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Voice of San Diego's weekly arts and culture roundup (Tuesdays)
Michael Jackson meets the 15th century, Fresh Sound at Bread & Salt, big wins at Comic-Con, a scaled-way-down Books for Prisoners and more in our weekly culture round-up.
Over the years, the San Diego International Airport has hosted some of the city’s most innovative and impressive art. Much of that is due to Constance White, who has been the airport’s art program manager since 2006.
White participated in our Meeting of the Minds event back in 2012 to share her expertise on meaningful public art – check out the video from her talk. Two years prior, we heard all about the airport’s offerings in a story written by artist Dani Dodge.
CityBeat reports that White will be stepping down from her post on Aug. 8 to take on a post as vice president for public art at the Arts & Science Council in Charlotte, N.C.
“We are talent scouts, always looking for an artist that does something fun, funky and new,” White told us in 2010. Her eye for fresh pieces that bring a sense of wonderment to a boring old airport will be sorely missed.
You’re reading the Culture Report, Voice of San Diego’s weekly collection of the region’s cultural news.
• Performance artist and photographer Jamie Warren is looking for a few people to be part of a project that will re-imagine a 15th century painting with characters relevant to Michael Jackson’s life. This sounds insanely random and fun. Deadline is Aug. 3. (U-T)
• Art dealer Scott White is closing up shop on his La Jolla gallery and going private. (CityBeat)
• Artist Amos Robinson unveiled his latest public art piece, a kinetic sculpture titled “Lift Me with Your Love,” at Scripps Memorial Hospital in La Jolla.
• Artist Isaias Crow wants your money, but it’s for a good cause. (San Diego Free Press)
• The Fresh Sound music series returns this year with more fascinating, experimental music performed at Bread & Salt. The U-T lays out all the performers, with insights from series founder Bonnie Wright.
• SummerFest has a fresh new crop of “fellowship artists” and they’re ready to make sweet, sweet music. (U-T)
• The La Jolla Playhouse’s latest play, “Ether Dome,” will reignite everyone’s fear of the dentist. But it also sounds so brutally awesome. Is it as good as “Under the Dome”? That is yet to be seen, but probably. (KPBS)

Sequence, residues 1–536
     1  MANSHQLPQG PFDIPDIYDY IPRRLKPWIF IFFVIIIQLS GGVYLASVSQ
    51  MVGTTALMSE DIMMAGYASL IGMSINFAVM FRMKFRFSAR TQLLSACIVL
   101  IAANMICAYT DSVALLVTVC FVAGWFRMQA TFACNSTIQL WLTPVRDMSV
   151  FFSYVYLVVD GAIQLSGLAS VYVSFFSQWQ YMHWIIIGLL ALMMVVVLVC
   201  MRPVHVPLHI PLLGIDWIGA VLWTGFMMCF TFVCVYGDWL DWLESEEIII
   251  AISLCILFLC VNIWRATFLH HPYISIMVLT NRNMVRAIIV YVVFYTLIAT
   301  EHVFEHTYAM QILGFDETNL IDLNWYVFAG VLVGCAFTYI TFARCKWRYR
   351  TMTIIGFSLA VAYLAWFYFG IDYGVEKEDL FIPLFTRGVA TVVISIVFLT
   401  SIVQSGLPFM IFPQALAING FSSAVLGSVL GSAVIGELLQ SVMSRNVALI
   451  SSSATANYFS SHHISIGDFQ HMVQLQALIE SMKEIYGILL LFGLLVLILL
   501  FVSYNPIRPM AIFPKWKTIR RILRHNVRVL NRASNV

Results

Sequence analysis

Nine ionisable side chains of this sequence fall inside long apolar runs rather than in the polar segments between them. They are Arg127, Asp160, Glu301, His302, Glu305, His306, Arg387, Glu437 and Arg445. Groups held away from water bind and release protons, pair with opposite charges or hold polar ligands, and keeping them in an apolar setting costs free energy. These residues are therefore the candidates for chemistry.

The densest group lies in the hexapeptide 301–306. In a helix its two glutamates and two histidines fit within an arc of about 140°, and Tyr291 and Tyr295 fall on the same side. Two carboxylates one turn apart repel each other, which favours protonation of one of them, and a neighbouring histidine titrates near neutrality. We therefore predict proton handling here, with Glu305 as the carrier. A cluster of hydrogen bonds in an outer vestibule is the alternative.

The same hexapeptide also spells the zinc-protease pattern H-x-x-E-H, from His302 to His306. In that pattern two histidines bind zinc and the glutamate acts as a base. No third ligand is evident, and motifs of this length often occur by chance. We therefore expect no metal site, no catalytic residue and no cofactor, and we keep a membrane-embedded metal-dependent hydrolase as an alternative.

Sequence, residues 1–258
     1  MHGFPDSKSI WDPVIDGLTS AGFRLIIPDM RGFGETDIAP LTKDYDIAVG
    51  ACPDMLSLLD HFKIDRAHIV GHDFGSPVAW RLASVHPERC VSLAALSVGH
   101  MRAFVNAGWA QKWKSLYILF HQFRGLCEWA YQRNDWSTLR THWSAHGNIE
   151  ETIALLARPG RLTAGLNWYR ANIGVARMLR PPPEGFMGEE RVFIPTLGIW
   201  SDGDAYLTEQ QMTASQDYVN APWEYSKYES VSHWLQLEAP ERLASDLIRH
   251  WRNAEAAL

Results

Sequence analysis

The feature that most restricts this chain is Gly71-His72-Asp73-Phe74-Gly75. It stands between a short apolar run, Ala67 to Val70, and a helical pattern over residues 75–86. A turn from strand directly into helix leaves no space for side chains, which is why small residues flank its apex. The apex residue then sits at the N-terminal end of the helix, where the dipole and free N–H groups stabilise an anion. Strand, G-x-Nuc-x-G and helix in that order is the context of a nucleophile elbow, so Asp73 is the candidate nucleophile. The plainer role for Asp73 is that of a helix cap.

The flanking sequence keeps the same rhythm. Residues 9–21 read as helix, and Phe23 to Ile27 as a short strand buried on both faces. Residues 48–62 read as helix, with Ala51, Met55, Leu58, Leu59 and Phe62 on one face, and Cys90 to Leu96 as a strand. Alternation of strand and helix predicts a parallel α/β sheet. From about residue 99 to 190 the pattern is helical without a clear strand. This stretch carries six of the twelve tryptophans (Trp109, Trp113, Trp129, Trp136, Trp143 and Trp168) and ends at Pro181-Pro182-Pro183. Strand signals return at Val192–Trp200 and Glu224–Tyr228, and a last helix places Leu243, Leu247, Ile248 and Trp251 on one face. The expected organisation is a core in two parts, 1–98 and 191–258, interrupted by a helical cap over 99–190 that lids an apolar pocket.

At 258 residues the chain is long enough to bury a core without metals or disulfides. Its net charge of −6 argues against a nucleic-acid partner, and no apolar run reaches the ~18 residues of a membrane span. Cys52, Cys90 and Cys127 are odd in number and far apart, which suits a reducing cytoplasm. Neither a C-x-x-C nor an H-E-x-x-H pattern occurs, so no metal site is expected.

• Get your Geezer on and your Weezer on in the same week. Hope you like Werther’s Originals! (U-T)
• Get to know San Diego Youth Symphony viola player Andrea Fortier in this Q-and-A. (U-T)
• Sacra/Profana brings beautiful notes to the local classical music landscape. I just saw them perform with the San Diego Symphony at the Summer Pops concert featuring Danny Elfman’s music from the films of Tim Burton and it completely ruled. I got a bit verklempt when they went into music from “Edward Scissorhands.” (U-T)
• Come and get ya theater reviews! Intrepid Shakespeare company gets witty with “Much Ado About Nothing” (U-T); New Village Arts’ “The Full Monty” whips it all out (U-T); Lamb’s Players’ rendition of “Les Miserables” is a heart-wrencher and thankfully Anne Hathaway-free (U-T); and “Into the Woods” returns home (CityBeat).
• Three women made a serious push for a harassment-free Comic-Con. We talked to the members of Geeks for CONsent about their cause and how they hope to change the atmosphere of future Comic-Cons.
• UC San Diego’s Books for Prisoners program is now operating out of a storage closet. (CityBeat)
• Some new local architectural gems are up for San Diego Architectural Foundation’s Orchids and Onions Awards. (KPBS)
• A San Diego chef now living in Copenhagen talks about his food adventures and missing good Mexican grub. (San Diego Magazine)
• San Diego Magazine highlights five people to keep an eye on this month, including the Timken Museum’s new visiting director David Bull and Carol Padden, a MacArthur Genius Grant winner who’s joining the staff at UC San Diego.
• Ready to get beer drunk after hitting up the Balboa Park museums? Yeah, me too. (Reader)